The majority of patients (90.5%) were older than 50 years and had one or more risk factors for breast cancer (80.6%). Tumor sizes were 0.1 cm to 3.5 cm (mean 1.3 cm). Median follow-up was 7 months (1 to 18 months) post-EBT. Balloon applicators were implanted 0 to 85 days (mean 13.4 days) post-lumpectomy/re-excision. The most common adverse events were erythema, rash dermatitis, and pain or breast tenderness. No recurrences were reported. Dosimetric analyses demonstrated comparable target coverage, increased high-dose regions, and a significantly reduced dose to the ipsilateral breast and lungs as well as the heart with EBT as compared with the iridium-192 treatment plans.
Conclusion:
This retrospective, multicenter study showed that postsurgical adjuvant radiation therapy for early stage breast cancer can be administered using the EBT system with similar toxicity outcomes to those reported with iridium-192 brachytherapy. EBT offers a convenient, portable, nonisotope alternative to HDR brachytherapy using iridium-192.
doi:10.2147/OTT.S15297
PMCID: PMC3084303  PMID: 21552411
electronic brachytherapy; breast cancer; radiation therapy
4.  Post-surgical treatment of early-stage breast cancer with electronic brachytherapy: an intersociety, multicenter brachytherapy trial 
OncoTargets and therapy  2010;3:211-218.
Introduction
Electronic brachytherapy (EBT) was developed to allow accelerated partial breast irradiation to be performed in a patient procedure room with minimal shielding. This observational, nonrandomized, multicenter study evaluated EBT as a post-surgical adjuvant radiation therapy for early stage breast cancer.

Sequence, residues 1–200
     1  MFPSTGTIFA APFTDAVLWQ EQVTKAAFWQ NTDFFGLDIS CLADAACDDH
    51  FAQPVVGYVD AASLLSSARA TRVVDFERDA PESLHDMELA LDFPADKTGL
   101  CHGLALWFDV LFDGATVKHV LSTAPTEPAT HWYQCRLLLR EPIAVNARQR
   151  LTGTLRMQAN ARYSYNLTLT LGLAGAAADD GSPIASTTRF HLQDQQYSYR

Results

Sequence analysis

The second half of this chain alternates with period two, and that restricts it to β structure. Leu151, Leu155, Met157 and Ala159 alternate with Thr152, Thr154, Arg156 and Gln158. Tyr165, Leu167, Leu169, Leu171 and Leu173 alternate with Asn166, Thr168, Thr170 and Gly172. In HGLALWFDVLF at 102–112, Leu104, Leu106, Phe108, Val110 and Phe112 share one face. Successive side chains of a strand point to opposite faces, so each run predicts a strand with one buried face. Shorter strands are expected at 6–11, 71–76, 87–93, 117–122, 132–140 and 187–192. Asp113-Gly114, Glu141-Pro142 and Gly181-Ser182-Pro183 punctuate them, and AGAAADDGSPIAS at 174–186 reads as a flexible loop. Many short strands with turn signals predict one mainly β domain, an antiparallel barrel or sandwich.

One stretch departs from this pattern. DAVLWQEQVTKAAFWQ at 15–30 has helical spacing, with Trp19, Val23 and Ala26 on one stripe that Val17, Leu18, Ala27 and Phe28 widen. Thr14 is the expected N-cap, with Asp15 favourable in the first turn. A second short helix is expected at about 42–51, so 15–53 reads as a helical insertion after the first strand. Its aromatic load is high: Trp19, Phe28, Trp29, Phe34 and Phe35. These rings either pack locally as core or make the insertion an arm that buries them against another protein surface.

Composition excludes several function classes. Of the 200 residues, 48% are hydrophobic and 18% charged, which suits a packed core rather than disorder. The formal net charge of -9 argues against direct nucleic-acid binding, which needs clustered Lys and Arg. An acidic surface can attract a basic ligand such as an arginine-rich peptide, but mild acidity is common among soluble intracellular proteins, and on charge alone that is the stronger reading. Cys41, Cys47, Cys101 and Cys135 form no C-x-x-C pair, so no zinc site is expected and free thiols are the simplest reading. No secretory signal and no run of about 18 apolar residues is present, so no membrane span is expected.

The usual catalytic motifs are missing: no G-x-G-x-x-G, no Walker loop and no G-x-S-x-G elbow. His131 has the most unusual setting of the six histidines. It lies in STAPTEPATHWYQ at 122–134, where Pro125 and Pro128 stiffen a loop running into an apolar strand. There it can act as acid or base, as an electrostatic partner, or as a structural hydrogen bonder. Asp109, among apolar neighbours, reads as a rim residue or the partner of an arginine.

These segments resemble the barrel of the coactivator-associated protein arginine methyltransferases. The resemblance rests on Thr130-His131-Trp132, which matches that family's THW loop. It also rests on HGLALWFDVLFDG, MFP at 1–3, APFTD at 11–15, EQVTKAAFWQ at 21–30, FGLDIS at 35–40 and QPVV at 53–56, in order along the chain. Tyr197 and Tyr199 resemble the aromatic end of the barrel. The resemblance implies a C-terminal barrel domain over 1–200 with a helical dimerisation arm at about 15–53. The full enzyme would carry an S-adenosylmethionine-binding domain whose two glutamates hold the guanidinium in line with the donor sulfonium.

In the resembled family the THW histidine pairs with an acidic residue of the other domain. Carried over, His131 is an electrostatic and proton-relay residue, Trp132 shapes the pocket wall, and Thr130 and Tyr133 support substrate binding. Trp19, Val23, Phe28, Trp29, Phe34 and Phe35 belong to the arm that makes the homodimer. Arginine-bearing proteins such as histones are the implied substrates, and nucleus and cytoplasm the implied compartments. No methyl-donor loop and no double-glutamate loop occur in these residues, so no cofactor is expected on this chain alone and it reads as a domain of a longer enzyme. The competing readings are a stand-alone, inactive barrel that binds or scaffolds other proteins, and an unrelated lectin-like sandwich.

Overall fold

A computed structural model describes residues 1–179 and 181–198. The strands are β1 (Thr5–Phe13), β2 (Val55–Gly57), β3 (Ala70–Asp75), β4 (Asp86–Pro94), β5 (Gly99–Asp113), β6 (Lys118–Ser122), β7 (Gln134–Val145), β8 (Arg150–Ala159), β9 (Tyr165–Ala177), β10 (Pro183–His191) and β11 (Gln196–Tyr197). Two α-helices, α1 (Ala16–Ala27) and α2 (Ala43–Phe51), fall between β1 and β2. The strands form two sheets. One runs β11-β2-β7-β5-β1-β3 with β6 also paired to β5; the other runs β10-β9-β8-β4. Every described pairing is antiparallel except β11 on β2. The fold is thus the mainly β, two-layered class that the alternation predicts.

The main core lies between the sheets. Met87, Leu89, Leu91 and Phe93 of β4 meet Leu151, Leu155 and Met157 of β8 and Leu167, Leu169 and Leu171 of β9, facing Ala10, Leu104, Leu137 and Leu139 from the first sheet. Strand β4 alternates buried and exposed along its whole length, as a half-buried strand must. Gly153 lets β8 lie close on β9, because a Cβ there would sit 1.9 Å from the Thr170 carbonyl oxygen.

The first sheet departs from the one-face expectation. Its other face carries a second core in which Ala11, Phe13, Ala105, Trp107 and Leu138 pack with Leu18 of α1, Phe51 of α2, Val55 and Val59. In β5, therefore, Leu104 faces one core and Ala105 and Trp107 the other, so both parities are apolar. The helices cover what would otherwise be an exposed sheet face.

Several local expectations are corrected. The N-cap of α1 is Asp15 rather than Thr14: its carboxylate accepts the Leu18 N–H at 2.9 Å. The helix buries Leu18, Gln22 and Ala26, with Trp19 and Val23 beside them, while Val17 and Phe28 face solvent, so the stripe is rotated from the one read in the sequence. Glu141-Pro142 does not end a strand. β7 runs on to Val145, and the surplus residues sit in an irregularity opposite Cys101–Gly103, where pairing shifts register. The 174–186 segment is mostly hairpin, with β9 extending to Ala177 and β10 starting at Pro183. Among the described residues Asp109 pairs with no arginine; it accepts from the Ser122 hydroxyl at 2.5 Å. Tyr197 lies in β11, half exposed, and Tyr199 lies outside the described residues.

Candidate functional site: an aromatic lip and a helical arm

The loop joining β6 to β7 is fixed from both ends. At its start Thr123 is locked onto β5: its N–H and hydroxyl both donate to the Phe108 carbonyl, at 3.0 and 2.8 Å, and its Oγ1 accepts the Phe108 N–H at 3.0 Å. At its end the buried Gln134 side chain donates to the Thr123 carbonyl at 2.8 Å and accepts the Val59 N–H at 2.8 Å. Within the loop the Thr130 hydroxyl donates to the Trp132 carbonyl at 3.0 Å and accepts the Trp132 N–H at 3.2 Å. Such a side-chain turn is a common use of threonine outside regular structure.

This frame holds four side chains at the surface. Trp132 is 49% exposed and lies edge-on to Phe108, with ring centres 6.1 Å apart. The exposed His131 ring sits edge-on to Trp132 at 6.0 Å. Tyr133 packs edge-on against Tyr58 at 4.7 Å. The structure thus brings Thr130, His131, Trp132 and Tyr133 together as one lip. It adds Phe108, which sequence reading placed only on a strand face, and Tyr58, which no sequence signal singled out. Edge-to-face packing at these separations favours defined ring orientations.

Methods
This study included women aged 50 years or more with invasive carcinoma or ductal carcinoma in situ, tumor size ≤3 cm, negative lymph node status, and negative surgical margins. The endpoints were skin and subcutaneous toxicities, efficacy outcomes, cosmetic outcomes, and device performance. In this interim report, 1-month, 6-month, and 1-year follow-up data are available on 68, 59, and 37 patients, respectively.
Results
The EBT device performed consistently, delivering the prescribed 34 Gy to all 69 patients (10 fractions/patient). Most adverse events were Grade 1 and included firmness, erythema, breast tenderness, hyperpigmentation, pruritis, field contracture, seroma, rash/desquamation, palpable mass, breast edema, hypopigmentation, telangiectasia, and blistering, which were anticipated. Breast infection occurred in two (2.9%) patients. No tumor recurrences were reported. Cosmetic outcomes were excellent or good in 83.9%–100% of evaluable patients at 1 month, 6 months, and 1 year.
Conclusion
This observational, nonrandomized, multicenter study demonstrates that this EBT device was reliable and well tolerated as an adjuvant radiation therapy for early stage breast cancer.
doi:10.2147/OTT.S14514
PMCID: PMC2994203  PMID: 21124748
radiation therapy; electronic brachytherapy; breast cancer

Results 1-4 (4)